Removal of Church reps from education committees would be 'short-sighted secularism'

Published 13 February 2014  |  
(PA)

A proposed bill that would mean the removal of Church representatives from local authority education committees has been criticised by the Scottish Evangelical Alliance (SEA).

Highland MSP John Finnie has proposed a member's bill which seeks to take away voting rights from representatives of parents, teachers, young people and the Church who sit on these committees.

The SEA, which represents more than two million evangelical Christians in 3,500 churches across Scotland, has expressed concern that this will result in less community involvement in policymaking.

"There is nothing to gain from this proposal and an awful lot to lose," argues Alliance spokesperson Kieran Turner.

"It is nothing but a wolf in sheep's clothing and is part of a wider agenda by small secularist groups to marginalise religion in public life.

"This short-sighted secularism, if allowed, would reduce community involvement, which will not be good for society. What we need is more engagement, not less."

Secularists are concerned about "religious privilege" in Scotland, as the law currently requires three external religious nominees to be appointed to every local authority education committee.

"To afford a particular section of society a privileged position within the decision making process of local government, based solely on their particular and personal religious beliefs, is profoundly and inherently undemocratic, unfair and discriminatory," the Edinburgh Secular Society (ESS) has said in a statement supporting Finnie's proposal.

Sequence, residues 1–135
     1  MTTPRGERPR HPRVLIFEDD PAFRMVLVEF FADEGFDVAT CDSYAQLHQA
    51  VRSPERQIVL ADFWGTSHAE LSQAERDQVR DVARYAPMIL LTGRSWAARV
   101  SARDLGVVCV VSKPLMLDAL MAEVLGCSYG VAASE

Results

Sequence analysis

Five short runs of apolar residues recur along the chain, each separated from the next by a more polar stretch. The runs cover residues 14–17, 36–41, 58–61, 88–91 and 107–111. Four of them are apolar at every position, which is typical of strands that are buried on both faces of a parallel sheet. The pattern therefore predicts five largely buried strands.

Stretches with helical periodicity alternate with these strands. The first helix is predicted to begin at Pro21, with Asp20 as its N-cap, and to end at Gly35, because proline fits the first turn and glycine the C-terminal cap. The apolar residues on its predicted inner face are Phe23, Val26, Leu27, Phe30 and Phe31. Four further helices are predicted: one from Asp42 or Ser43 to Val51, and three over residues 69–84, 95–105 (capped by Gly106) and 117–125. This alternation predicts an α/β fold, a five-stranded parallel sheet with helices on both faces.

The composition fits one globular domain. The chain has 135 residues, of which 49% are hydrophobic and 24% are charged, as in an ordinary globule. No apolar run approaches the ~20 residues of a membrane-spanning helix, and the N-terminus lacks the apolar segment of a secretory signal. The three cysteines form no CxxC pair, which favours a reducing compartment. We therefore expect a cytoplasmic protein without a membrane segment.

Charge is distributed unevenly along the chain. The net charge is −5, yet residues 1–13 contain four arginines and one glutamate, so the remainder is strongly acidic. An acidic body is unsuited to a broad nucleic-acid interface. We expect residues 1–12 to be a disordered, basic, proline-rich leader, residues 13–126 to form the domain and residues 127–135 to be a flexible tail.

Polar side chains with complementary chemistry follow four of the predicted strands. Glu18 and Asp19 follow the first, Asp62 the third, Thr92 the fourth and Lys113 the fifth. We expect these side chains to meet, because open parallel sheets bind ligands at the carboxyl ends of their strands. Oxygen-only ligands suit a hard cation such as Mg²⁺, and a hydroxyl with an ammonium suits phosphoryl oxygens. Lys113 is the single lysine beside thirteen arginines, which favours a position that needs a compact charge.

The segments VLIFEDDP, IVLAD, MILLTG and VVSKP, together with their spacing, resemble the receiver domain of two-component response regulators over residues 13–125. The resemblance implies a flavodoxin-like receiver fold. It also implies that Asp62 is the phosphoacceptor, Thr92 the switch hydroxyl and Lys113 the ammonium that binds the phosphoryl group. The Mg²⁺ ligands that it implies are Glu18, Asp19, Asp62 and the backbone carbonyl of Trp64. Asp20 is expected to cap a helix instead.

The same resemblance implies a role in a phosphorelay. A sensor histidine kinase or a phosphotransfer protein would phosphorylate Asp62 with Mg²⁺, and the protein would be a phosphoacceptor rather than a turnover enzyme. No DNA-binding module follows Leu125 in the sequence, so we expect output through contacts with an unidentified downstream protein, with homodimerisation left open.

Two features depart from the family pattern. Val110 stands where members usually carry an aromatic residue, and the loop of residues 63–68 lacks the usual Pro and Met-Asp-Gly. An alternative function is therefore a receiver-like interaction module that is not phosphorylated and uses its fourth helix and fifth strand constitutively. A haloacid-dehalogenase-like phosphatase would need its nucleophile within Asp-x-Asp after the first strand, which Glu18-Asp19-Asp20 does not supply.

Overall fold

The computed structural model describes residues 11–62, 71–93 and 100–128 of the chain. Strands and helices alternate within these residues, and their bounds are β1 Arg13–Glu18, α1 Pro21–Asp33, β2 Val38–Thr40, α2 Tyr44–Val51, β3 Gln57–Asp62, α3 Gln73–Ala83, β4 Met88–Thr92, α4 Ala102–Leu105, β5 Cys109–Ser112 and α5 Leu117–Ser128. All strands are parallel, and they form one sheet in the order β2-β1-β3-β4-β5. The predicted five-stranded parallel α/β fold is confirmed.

"It strikes against those specific virtues of justice and integrity underpinning our society and which lie at the heart of the Scottish Parliament."

The SEA, however, contends that it is crucial to democracy that community involvement remains central to Scottish education.

"Communities must be at the heart of all that government does, and religious groups are often at the heart of our communities. Education is too important to be left to the party politicians and it is important that community voices are heard," said Turner.

"This is democracy in action.

"It is important that this secular agenda does not come at the expense of long-term community involvement."

The Alliance has affirmed the importance of maintaining and strengthening safeguards to ensure that all groups in Scotland are represented fairly, but claim that "we will not achieve anything by throwing the baby out with the bathwater".

"As an organisation we do not approach this from any position of privilege but rather we seek to look at the best outcomes for Scotland's children," Turner concluded.

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